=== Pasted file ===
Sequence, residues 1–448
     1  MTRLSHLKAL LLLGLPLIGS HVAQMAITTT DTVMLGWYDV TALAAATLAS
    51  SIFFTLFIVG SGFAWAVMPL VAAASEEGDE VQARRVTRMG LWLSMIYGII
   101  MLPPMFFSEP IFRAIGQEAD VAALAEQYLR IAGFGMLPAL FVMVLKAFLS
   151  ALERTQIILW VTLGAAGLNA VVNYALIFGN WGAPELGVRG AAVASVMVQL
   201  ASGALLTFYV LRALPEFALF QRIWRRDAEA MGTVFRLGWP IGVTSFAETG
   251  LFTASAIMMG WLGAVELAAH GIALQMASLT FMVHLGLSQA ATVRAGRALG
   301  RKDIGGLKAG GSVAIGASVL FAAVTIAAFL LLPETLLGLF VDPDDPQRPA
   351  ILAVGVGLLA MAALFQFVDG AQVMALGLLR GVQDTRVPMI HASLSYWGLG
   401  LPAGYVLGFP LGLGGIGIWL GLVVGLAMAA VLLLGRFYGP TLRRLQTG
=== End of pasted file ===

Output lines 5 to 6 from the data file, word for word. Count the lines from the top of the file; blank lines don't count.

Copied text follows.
   151  ALERTQIILW VTLGAAGLNA VVNYALIFGN WGAPELGVRG AAVASVMVQL
   201  ASGALLTFYV LRALPEFALF QRIWRRDAEA MGTVFRLGWP IGVTSFAETG